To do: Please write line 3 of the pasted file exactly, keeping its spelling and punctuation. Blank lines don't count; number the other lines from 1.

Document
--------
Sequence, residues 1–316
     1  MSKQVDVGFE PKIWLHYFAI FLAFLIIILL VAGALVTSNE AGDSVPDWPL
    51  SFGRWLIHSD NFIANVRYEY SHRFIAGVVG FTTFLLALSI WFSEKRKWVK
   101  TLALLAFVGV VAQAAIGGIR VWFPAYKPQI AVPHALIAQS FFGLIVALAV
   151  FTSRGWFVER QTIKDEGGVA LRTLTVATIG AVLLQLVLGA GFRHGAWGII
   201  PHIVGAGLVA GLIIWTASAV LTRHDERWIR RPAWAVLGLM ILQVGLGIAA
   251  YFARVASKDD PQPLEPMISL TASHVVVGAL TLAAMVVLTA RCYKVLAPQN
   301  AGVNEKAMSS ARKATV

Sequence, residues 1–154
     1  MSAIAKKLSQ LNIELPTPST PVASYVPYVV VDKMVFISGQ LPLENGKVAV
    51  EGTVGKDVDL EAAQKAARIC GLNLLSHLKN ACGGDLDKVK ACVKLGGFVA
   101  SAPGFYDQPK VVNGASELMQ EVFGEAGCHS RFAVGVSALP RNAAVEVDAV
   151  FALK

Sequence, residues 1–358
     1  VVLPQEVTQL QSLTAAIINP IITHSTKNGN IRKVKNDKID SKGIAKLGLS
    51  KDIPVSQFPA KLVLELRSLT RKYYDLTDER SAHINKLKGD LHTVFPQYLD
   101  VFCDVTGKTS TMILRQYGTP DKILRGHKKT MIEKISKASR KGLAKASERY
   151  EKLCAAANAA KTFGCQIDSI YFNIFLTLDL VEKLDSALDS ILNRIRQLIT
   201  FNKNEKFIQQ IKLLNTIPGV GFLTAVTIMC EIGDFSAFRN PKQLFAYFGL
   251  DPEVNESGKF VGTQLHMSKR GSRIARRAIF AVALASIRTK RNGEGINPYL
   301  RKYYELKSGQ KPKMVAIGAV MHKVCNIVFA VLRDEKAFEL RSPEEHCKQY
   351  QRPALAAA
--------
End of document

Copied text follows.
    51  SFGRWLIHSD NFIANVRYEY SHRFIAGVVG FTTFLLALSI WFSEKRKWVK